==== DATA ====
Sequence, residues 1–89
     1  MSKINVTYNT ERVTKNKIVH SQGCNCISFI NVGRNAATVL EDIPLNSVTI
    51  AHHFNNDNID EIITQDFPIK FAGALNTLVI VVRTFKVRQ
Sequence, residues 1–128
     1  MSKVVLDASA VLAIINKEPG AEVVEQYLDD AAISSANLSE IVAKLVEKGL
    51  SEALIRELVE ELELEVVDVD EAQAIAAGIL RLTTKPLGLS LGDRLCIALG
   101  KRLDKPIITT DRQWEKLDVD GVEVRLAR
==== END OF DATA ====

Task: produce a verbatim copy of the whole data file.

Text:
Sequence, residues 1–89
     1  MSKINVTYNT ERVTKNKIVH SQGCNCISFI NVGRNAATVL EDIPLNSVTI
    51  AHHFNNDNID EIITQDFPIK FAGALNTLVI VVRTFKVRQ
Sequence, residues 1–128
     1  MSKVVLDASA VLAIINKEPG AEVVEQYLDD AAISSANLSE IVAKLVEKGL
    51  SEALIRELVE ELELEVVDVD EAQAIAAGIL RLTTKPLGLS LGDRLCIALG
   101  KRLDKPIITT DRQWEKLDVD GVEVRLAR